Sheepshead are still swirling around the pilings of the south pier feeding on barnacles and small crustaceans. Pier fishers using live shrimp are catching their share, although those using live fiddler crabs are dominating the bite. Most sheepies being caught are in the 12-15-inch range although every so often a 20-plus-inch fish is being reeled up.

Finally, flounder and mangrove snapper are being caught on live shrimp fished on the bottom either under the pier or around the structure that lies just out from the pier on the west side. Keeper sizes of either species are being landed daily.

Capt. Warren Girle is working deep grass flats in south Sarasota Bay in search of a variety of species. To start, Girle is drifting over the flats jigging for pompano with shrimp tipped pompano jigs. While doing this, Girle is averaging five or six pompano per charter. Also while jigging for pompano, Girle’s clients are catching Spanish mackerel, ladyfish and bluefish. Not only is this method of fishing rewarding, with pompano, but it provides non-stop action with the bycatch.

After pompano fishing, Girle is switching to bottom fishing under docks in deeper canals for black drum and sheepshead. For both species, Girle is using live shrimp. Black drum up to 18 inches are the norm, and they are plentiful. Most of the sheepies are running a little small although Girle is catching a few big enough to put in the box.

Jonny Keyes at Island Discount Tackle is hearing of decent action occurring in canals and around docks, especially in Bimini Bay. Fishers using live bait such as shrimp or fiddler crabs are catching a variety of species during the last stages of the incoming tide and the beginning of the outgoing tide.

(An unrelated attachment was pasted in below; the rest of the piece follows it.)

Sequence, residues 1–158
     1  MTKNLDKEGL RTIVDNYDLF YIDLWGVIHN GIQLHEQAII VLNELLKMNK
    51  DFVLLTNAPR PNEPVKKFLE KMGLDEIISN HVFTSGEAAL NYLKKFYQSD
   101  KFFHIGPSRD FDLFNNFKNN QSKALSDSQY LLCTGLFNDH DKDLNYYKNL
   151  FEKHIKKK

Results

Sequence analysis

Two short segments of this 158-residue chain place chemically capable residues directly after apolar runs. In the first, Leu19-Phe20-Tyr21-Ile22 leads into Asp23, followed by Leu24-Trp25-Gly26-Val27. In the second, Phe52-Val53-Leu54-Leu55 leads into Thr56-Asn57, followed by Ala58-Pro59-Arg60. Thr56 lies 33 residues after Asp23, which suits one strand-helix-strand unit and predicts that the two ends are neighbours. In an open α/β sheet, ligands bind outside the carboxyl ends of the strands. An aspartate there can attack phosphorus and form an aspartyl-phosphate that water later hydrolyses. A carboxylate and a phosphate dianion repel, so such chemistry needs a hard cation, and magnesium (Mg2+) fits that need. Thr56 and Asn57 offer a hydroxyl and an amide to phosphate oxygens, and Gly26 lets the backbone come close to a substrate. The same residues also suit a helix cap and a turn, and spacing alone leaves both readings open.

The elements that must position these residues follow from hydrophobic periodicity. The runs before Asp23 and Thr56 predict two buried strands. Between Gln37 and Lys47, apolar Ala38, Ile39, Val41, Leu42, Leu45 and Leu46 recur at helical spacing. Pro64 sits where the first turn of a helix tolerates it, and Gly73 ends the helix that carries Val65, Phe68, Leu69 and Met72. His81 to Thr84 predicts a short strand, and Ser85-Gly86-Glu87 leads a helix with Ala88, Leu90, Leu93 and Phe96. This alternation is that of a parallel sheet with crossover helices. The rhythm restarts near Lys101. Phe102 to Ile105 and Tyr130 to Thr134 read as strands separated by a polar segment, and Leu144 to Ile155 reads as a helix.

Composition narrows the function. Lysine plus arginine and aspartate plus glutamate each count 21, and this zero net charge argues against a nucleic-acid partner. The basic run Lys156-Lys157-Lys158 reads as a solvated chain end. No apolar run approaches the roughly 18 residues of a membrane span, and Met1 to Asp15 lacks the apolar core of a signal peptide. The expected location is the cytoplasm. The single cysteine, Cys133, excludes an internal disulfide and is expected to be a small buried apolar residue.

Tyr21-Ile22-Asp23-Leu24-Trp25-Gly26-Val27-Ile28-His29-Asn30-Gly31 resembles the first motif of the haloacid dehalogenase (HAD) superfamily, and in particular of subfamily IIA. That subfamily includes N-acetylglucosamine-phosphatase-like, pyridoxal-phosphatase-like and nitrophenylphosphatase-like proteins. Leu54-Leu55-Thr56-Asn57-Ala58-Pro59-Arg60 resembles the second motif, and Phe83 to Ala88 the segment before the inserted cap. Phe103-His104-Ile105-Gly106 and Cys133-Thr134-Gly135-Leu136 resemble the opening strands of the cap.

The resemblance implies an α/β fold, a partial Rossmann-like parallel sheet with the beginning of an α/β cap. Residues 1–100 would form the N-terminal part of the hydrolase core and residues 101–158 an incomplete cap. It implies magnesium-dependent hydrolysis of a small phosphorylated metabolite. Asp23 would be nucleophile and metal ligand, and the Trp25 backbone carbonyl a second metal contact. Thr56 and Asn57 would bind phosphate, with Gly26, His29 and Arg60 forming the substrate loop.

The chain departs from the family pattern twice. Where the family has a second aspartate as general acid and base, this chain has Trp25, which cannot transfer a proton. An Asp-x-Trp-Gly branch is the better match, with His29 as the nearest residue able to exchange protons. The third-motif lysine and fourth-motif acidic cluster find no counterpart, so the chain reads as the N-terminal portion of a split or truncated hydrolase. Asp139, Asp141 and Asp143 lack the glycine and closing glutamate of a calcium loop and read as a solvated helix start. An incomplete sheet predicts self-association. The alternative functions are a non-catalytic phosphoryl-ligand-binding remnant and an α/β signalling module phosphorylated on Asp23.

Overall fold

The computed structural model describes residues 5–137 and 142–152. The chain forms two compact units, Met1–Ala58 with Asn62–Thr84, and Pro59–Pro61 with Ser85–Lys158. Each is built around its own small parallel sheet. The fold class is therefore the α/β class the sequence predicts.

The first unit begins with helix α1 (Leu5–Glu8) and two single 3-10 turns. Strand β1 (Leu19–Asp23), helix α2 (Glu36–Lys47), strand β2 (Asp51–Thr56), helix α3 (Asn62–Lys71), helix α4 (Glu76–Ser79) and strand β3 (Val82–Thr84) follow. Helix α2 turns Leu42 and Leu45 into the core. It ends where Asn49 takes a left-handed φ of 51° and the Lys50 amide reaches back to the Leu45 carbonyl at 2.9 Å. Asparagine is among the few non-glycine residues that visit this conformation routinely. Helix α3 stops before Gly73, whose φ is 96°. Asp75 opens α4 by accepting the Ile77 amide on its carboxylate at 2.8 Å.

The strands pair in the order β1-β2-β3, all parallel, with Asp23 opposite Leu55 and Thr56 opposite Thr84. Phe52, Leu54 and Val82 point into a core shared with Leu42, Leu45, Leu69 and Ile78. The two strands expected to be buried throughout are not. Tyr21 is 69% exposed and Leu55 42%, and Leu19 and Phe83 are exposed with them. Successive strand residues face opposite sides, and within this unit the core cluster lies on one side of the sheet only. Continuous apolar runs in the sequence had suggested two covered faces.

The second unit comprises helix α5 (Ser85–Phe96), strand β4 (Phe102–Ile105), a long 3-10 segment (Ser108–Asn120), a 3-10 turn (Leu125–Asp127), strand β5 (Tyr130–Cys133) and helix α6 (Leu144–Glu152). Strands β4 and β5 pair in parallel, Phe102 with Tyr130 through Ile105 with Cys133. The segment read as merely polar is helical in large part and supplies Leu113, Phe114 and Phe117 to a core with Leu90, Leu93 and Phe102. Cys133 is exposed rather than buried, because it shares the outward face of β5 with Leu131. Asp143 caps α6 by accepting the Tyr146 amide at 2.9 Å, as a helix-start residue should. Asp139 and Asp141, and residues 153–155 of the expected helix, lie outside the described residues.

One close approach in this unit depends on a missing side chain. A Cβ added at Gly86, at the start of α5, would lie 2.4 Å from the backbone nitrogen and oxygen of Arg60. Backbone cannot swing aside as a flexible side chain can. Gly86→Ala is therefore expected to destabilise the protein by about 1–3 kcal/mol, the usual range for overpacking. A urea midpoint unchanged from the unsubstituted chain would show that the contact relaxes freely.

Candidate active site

Sheepshead, black drum and flounder are lurking under and around docks awaiting small crustaceans drifting by, resulting in keeper-sizes of all three species being caught.

Keyes suggests scaling down your the leader size to either 15- or 20-pound fluorocarbon due to the water clarity. Match this up with a No. 2 hook and a small split shot and you’re ready to fish.

Fishing the openings or mouths of canals is proving prosperous for fishers targeting spotted seatrout and redfish. Again, live shrimp is the ticket to convincing these fish to bite, although Keyes says Berkley Gulp shrimp can substitute.

Capt. Mark Howard of SumoTime Fishing Charters says fishing this past week was good with the wintertime patterns in full effect. On Howard’s charters, client’s reeled in sheepshead, spotted seatrout, redfish, black drum and pompano.

Howard is finding the bite underneath deepwater docks. He suggests rigging a live shrimp on a 1/0 circle hook and a No. 5 split-shot with 30-pound fluorocarbon leader. Toss this rig under the shade of deepwater docks to produce excellent action and some keepers for the dinner table. “Use the small or dead shrimp in your live well and cut them up into bite size pieces for chum. Draw the fish to your location and toss your rig in the middle of the chum,” Howard says. “The fish cannot resist the smell the bait bits put out and will feed on them and hopefully your rig.”

Spotted seatrout and pompano have shown up on the flats and in deep holes along the Intracoastal Waterway. Pompano to 6 pounds and spotted seatrout more than 20 inches have moved into our waters and will provide for some excellent fishing action and delicious table fare. Again, the bait of choice is a live shrimp rigged with a popping cork.

Looking forward, the tides will be extra low in the mornings, which will provide for some opportunities to scout the flats and find the highways the fish use to move onto and off the flats and potholes. Howard suggests marking these spots on your GPS for future opportunities to ambush the fish on a moving tide.

Send fishing reports to fish@islander.org.